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4 advice to improve your crickets farm
4 advice to improve your crickets farm

4 advice to improve your crickets farm

4 advice to improve your crickets farm

 

 

In this article, I won’t explain you how to install a cricket farm, because there’s already a lot online, like the method from Fluckerfarms or Melissa Kaplan. I’d rather give you some advice I got from people I met and from my own experience ; indeed I raised crickets in Vietnam.

 

The species we’re talking about is the House Cricket, not to be confused with the grasshopper or the migratory locust!

 

 

First advice : crickets vs humidity

 

It is very important not to let the humidity increase in the crickets tray, I mean REALLY important. Why ? Because adults crickets need 50% of humidity, which is quite low (contrary to the eggs that need almost 100% of humidity). If the humidity is too high, some virus will appear and moisture will develop on their feed.

 

 

How to keep the humidity low ?

 

  • Never let feed in decomposition at the bottom of the tray, and don’t put anything to create a floor, crickets don’t need one. Moisture could appear because of the excretions on the floor, even if it’s sand.

 

  • Change the dry feed (seeds, flours) and wash the feed container (or change it) once a week. Indeed crickets humidify their food by pooping while eating.

 

  • Don’t let vegetables more than 24h inside the tray.

 

  • Change the water point every day or two days.

 

 

Second advice : How to feed the crickets ?

 

Crickets are omnivorous so it’s easy to feed them, even if their small mouth doesn’t bite everything. They will not eat the leaf veins for example, or fruit hard peels ! The trick is to grind the driest food, and give them small doses of soft plants as a complement.

 

Here is a list of feed that crickets love:

 

crickets farming

  • Lettuce
  • Chinese cabbage
  • Carrots (also peel and leaves)
  • Apples (also peel)
  • Radish  (also peel)
  • Green banana leaves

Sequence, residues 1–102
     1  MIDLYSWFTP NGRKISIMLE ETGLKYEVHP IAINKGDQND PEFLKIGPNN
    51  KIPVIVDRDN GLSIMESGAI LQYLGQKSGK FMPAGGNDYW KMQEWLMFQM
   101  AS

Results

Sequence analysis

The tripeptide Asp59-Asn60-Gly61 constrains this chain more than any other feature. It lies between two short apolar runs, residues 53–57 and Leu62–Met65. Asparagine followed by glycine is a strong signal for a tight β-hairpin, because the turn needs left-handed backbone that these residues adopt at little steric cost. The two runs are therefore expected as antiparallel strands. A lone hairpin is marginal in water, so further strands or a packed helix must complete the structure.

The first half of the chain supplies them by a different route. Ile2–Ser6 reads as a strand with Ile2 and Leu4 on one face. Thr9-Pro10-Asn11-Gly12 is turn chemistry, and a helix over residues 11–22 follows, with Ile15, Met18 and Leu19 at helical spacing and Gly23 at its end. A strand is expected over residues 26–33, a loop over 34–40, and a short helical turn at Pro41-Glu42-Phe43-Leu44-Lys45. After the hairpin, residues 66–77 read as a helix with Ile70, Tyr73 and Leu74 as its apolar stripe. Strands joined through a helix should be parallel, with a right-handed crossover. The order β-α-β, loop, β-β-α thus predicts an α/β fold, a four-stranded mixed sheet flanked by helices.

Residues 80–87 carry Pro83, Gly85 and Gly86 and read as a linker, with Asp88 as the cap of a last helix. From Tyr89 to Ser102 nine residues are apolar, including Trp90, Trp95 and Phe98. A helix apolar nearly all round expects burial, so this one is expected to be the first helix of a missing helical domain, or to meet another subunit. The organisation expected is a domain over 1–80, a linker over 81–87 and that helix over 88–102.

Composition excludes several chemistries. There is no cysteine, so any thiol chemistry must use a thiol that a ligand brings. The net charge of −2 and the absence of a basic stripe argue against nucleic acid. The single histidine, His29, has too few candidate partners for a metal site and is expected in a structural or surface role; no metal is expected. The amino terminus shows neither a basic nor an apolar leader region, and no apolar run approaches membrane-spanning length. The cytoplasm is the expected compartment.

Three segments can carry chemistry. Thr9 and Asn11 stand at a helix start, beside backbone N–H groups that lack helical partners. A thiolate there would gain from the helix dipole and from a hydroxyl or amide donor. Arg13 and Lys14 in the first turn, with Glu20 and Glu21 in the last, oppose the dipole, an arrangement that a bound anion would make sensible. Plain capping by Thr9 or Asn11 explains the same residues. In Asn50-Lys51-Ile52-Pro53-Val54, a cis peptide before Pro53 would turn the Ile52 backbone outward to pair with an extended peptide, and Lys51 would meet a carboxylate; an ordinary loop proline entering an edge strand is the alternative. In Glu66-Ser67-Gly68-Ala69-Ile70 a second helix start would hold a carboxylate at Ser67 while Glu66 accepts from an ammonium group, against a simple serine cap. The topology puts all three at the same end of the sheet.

Feed rich in protein 

  • Crushed cereals (Most of people use the feed preparation for chickens)
  • Crushed dried fruits
  • Crushed fried fish
  • Crushed fried leguminous plants
  • Perennial peanuts
  • Soy sprouts or germinated seeds (alfalfa)

 

 

Plants must be ORGANIC or at least free of pesticides !

 

Magic trick

To increase the protein content of crickets, you can give them a protein concentrate three days before harvesting them 😉

 

 

Third advice: water, a critical point

 

Do rickets need to drink water? YES !

 

Could they just use the water inside the plants they’re eating ? NO ! Not in a farm at optimal temperature, so between 25°C and 30°C and plus, they don’t eat enough plants to get the water they need in an industrial crickets farm!

 

How to give them water to drink?

Some people will use a piece of cotton soaked with water. However this method has a real harm : cotton rot quickly, and a putrid smell can emanate from it. Plus, a moldy cotton is for sure a source of diseases ! Others regularly spray crickets with water, but it increases the humidity, which can lead to diseases.

 

water supply is important in crickets farming

I’ll give you an other method I learned from crickets farms:

 

 

Equipment:

  • a material which can be soaked by water (sponge paper)
  • A plastic tray two centimeters deep
  • stones

 

After washing the stones, fill the tray with water, wrap it with the sponge paper and put it on the stones. That’s it ! Don’t forget to change water, and wash frequently the paper. As you can see on the picture, it doesn’t escape from crickets excretions !

 

 

 

 

Fourth advice: Egg boxes, right or wrong ?

 

Cardboard egg boxes can be perfect to raise crickets for several reasons :

  • It offers them a big surface to move.
  • It creates  some shadow areas where they can hide.
  • By tying boxes together, you can shake them off and collect the crickets once matures.
  • It is easy to find and quite cheap!

 

BUT…

Unfortunately, after few months raising insects on cardboard egg boxes, one can notice some complications:

 

  • Crickets bite the cardboard or even eat it. This is not supposed to be for animals or humans consumption and some chemicals molecules may therefore get into the crickets!

 

  • This kind of cardboard gets wet very quickly and if you put fresh vegetables on it, it increases the risk of moisture developments.

 

  • Once the boxes get bitten by crickets and soaked by their feed and excretions, it becomes harder to handle while harvesting.

 

  • Egg boxes must be thrown out after each crickets generation and therefore it increases the costs.

 

What should we do then? Here are some ideas to replace cardboard egg boxes:

 

  • Use egg boxes in plastic, a bit more expensive but washable and reusable ! But beware, crickets can’t grab onto plastic, so you have to “sand” it to make the surface rougher.

 

  • In China, cockroach breeders  use curved rubber surfaces. Is it really rubber ? The information must be verified…

 

  • A Mexican company, GriYUM, uses some thicker cardboard to create a 3D area. This picks up the idea of egg boxes but crickets can’t bite in it, and it doesn’t get wet by their excretions !

 

  • In Asia, cricket breeders use dried banana leaves, I used this method myself. Those are at least edible, and really easy to find !

 

 

crickets farming in vietnam by the bug trotters

 

Marie

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